Our trips go to different shipwrecks and artificial reefs like bridge spans. Most operators classify sites as inshore or offshore. In the Dive charter mindset of PCB this is really just a measure of how far the site is from the pass not from the shoreline. Since big dive boats typically get about 1mpg operators needed a way to classify sites to charge more for trips that burned more fuel and time. Consequently you could be charged for an offshore trip to dive a reef ledge and span 5 and only be 4 miles from shore but 11 miles from the pass. Generally speaking “Inshore trips” are suitable for basic Openwater divers while “Offshore trips” require Advanced Certification.
Additionally, even though some sites are in the same bracket they aren’t particularly close to one another. Given fuel prices today most charters Captains are under orders to keep all the running around to a minimum. Below is a general association of the different popular sites based on proximity to the pass and each other.
We Maintain a copy of Public Dive Sites ready for Download to a Garmin GPS at the shop.
Normal inshore trips are to the Black Bart and Span 14 or the Strength, Red Sea or one of the Spans (1, 2, 12) in their vicinity.
Long Beach Barge
The Black Bart (below)
Bridge Span 14
Warsaw Hole (limestone reef)
Dan Safety Barge
Navy Trash Pile
Bridge Span 12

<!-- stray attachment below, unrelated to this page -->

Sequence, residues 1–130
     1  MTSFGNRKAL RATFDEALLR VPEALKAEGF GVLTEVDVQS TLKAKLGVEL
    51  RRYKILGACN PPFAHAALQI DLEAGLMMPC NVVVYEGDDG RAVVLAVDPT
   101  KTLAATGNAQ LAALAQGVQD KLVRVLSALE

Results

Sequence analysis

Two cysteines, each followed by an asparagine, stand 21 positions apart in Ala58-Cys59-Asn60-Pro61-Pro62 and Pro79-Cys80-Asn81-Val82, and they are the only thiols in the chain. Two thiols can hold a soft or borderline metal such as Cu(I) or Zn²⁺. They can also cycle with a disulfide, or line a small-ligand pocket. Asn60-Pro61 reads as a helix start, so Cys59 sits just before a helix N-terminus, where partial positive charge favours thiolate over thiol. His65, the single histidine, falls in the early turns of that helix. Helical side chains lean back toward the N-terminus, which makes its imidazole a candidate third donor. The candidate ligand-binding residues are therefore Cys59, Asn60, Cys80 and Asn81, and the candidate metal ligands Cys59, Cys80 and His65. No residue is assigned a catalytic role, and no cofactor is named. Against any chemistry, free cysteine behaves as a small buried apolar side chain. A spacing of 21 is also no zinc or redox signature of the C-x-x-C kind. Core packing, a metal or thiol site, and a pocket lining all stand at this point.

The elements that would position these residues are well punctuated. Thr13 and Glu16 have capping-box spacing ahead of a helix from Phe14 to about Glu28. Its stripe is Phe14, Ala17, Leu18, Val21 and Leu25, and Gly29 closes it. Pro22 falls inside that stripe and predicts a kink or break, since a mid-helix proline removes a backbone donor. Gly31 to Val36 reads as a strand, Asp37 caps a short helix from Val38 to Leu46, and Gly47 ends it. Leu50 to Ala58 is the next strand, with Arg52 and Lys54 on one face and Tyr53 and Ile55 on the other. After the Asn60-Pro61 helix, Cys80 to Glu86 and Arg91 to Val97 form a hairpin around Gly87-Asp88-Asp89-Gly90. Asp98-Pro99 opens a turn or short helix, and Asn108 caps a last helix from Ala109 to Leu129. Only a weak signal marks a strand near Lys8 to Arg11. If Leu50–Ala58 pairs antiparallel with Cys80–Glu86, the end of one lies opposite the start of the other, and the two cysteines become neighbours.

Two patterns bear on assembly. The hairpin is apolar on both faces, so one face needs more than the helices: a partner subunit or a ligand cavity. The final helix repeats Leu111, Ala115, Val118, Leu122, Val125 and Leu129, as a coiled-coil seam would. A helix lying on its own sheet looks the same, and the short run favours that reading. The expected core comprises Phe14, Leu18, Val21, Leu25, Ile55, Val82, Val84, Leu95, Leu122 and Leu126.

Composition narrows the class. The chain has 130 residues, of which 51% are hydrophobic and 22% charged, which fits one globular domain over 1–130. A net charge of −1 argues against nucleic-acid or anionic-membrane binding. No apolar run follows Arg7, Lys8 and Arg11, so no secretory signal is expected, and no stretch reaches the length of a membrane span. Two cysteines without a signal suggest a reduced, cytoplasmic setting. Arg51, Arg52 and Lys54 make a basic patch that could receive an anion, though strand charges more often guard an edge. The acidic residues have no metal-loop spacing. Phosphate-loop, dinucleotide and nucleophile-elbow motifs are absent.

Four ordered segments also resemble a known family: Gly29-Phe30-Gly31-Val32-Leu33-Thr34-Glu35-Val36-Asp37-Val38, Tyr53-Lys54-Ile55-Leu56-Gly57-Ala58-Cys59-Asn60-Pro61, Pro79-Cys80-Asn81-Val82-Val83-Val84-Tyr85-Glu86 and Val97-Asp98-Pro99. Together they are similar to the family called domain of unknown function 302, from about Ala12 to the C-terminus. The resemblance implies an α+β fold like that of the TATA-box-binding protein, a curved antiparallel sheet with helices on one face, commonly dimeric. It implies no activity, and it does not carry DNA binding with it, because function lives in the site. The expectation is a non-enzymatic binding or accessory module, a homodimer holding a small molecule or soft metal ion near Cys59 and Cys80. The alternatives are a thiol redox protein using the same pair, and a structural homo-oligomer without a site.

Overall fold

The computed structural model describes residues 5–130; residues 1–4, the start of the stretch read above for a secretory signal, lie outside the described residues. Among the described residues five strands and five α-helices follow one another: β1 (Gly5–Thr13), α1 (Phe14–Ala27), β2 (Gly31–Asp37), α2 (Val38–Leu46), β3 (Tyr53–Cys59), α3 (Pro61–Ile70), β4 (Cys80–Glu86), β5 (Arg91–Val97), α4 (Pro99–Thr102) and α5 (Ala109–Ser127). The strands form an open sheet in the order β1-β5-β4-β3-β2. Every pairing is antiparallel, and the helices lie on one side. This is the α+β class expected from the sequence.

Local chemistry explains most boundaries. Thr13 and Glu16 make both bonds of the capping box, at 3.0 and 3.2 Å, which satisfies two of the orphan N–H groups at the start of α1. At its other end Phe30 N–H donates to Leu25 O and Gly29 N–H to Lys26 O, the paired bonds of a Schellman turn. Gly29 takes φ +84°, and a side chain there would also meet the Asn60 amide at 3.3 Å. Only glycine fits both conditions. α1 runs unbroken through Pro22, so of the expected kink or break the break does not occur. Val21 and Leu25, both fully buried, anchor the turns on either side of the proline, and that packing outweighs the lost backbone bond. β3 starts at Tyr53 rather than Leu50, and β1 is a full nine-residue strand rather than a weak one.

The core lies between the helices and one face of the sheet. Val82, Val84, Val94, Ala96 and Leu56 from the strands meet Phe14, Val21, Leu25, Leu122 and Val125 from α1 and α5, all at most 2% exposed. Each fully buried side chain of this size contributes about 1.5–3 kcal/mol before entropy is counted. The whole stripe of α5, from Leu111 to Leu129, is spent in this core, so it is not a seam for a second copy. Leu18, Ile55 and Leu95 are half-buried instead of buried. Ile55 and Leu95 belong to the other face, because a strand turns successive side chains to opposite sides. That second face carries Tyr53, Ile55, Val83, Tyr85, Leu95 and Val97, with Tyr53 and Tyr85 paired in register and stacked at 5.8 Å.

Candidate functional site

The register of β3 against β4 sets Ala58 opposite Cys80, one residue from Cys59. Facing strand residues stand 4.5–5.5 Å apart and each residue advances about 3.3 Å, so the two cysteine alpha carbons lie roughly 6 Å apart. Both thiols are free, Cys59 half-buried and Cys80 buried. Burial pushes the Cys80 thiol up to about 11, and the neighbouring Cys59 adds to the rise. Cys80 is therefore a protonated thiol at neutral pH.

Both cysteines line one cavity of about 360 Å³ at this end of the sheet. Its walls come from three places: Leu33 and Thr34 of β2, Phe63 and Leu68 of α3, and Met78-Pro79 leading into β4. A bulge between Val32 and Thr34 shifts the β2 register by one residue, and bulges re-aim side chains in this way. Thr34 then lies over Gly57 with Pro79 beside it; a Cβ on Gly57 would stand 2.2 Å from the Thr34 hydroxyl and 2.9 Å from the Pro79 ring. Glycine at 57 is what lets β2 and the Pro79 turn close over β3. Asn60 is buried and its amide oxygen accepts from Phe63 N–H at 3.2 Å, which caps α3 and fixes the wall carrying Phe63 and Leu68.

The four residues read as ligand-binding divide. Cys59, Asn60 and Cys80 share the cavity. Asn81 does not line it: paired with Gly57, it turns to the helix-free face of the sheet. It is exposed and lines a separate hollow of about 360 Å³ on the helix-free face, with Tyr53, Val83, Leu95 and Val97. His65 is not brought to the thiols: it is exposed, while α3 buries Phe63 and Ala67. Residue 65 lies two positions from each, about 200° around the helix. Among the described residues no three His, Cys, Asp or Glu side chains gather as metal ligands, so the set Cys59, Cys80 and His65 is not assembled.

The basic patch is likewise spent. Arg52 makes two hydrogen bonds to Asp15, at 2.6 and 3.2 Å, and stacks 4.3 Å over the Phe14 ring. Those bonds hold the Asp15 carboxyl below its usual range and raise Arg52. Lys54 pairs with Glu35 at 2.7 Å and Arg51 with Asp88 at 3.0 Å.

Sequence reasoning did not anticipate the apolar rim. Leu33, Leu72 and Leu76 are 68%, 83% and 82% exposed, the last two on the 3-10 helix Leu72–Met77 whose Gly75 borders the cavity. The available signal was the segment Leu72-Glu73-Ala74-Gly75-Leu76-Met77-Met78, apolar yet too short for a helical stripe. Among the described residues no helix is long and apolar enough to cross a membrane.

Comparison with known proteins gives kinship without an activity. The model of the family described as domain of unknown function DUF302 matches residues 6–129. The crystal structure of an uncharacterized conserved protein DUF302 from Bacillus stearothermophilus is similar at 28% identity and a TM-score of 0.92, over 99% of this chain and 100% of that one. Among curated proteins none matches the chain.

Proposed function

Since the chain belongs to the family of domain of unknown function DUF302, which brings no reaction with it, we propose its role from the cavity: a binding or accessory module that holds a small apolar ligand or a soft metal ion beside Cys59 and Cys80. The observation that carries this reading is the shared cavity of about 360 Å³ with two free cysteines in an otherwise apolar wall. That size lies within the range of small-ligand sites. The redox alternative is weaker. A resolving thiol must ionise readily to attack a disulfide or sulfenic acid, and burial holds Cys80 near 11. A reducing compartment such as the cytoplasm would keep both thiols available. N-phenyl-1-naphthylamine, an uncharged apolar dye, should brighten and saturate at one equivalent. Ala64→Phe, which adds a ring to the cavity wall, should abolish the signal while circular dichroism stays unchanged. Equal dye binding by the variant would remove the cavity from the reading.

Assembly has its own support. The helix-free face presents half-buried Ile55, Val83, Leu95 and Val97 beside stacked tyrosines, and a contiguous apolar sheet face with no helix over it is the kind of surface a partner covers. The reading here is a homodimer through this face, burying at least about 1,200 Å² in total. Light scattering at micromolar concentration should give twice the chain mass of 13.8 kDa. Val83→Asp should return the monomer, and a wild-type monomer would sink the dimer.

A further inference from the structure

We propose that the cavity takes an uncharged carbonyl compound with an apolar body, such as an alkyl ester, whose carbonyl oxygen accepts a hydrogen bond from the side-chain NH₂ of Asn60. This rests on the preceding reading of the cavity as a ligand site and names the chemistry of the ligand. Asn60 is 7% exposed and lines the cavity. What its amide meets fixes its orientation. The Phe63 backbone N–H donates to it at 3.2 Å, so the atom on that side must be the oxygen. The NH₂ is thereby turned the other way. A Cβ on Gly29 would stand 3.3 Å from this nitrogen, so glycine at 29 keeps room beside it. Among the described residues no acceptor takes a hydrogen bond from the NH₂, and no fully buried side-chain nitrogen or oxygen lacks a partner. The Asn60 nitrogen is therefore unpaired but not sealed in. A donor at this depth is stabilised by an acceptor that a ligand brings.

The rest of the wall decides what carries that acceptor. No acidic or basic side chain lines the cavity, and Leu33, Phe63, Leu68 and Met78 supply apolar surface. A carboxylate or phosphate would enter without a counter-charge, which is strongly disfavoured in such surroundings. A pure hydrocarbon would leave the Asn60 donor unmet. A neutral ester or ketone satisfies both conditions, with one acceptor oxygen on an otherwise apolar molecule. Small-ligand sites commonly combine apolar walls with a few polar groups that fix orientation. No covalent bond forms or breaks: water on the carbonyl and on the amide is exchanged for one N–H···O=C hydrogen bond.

USS Strength (below)
Bridge Span 1
Bridge Span 5 (Original Hathaway Bridge)
Bridge Span 6
Bridge Spans 7-10
Grey Ghost (considered an extended offshore trip)
Bridge Span 3
Bridge Span 13
3 to 5s Reef 120-160fsw
Birmingham Queen 150fsw
USCG Zennia 220fsw
USS Ozark 330fsw
There are several spots that a diver can walk into from land in the Panama City area, primarily area Springs. Florida’s geology as gifted several parts of the state with numerous freshwater springs where gin clear water comes from limestone caverns and joins local streams and rivers. While some of the springs are in private hands and not readily accessible to divers several are. The two most popular are Vortex springs (private) and Morrison Springs (park).
These springs are perfect places for divers to take open water classes in pool like conditions and bone up on dive skills if they have been out of the water awhile. Depths are very shallow around the spring but slowly run deeper as you approach the mouth of the caverns. There are also wooden platforms at the springs which make them great for class practice sessions. Obviously only trained cavern and cave divers should attempt to dive inside the caverns and deeper into the caves. There are quite a few other Springs in the area for the more intrepid diver where arrowheads and spearpoints and pottery are commonly found. Econfina, Cypress, Pitt and Gainer springs just to name a few.
There is also on shore dive available to check out the marine life in the Gulf of Mexico. The Saint Andrews State Park in the East end of Panama City’s Beaches has a long set of rock jetties. The jetties are best dove on a peak high tide as the incoming Gulf water is clearer than the Bay Water and the time between rising and falling tides is key due to possible strong currents from the incoming/outgoing water. Many species of snapper, grouper (including goliath), spade fish, angel fish, flounder, red fish and baitfish are commonly seen. Depths are less than 10′ on the kiddie pool side and slope as deep as 60′ once you cross over the rocks. Dive flags are the law and for your own safety as many boaters travel through the pass. There is also a convenience store in the park. It used to offer basic dive services but no longer does so come prepared!